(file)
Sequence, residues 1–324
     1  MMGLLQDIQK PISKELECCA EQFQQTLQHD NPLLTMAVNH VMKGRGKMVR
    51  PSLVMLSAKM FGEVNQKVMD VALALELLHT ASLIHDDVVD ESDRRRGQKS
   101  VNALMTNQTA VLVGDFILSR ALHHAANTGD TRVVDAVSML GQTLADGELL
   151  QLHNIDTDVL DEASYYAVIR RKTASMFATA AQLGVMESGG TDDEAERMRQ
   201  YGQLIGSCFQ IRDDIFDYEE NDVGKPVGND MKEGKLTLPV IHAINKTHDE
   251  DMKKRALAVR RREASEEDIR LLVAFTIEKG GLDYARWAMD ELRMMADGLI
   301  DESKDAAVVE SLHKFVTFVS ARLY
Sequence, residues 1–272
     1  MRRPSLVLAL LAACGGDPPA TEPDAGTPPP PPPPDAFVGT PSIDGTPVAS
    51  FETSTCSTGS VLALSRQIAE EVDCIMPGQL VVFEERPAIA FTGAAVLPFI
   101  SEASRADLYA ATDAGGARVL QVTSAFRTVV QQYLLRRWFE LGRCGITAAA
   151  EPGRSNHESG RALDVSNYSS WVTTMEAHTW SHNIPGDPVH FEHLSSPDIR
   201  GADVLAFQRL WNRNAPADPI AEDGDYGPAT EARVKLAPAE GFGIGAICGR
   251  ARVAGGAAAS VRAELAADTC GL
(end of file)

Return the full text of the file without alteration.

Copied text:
Sequence, residues 1–324
     1  MMGLLQDIQK PISKELECCA EQFQQTLQHD NPLLTMAVNH VMKGRGKMVR
    51  PSLVMLSAKM FGEVNQKVMD VALALELLHT ASLIHDDVVD ESDRRRGQKS
   101  VNALMTNQTA VLVGDFILSR ALHHAANTGD TRVVDAVSML GQTLADGELL
   151  QLHNIDTDVL DEASYYAVIR RKTASMFATA AQLGVMESGG TDDEAERMRQ
   201  YGQLIGSCFQ IRDDIFDYEE NDVGKPVGND MKEGKLTLPV IHAINKTHDE
   251  DMKKRALAVR RREASEEDIR LLVAFTIEKG GLDYARWAMD ELRMMADGLI
   301  DESKDAAVVE SLHKFVTFVS ARLY
Sequence, residues 1–272
     1  MRRPSLVLAL LAACGGDPPA TEPDAGTPPP PPPPDAFVGT PSIDGTPVAS
    51  FETSTCSTGS VLALSRQIAE EVDCIMPGQL VVFEERPAIA FTGAAVLPFI
   101  SEASRADLYA ATDAGGARVL QVTSAFRTVV QQYLLRRWFE LGRCGITAAA
   151  EPGRSNHESG RALDVSNYSS WVTTMEAHTW SHNIPGDPVH FEHLSSPDIR
   201  GADVLAFQRL WNRNAPADPI AEDGDYGPAT EARVKLAPAE GFGIGAICGR
   251  ARVAGGAAAS VRAELAADTC GL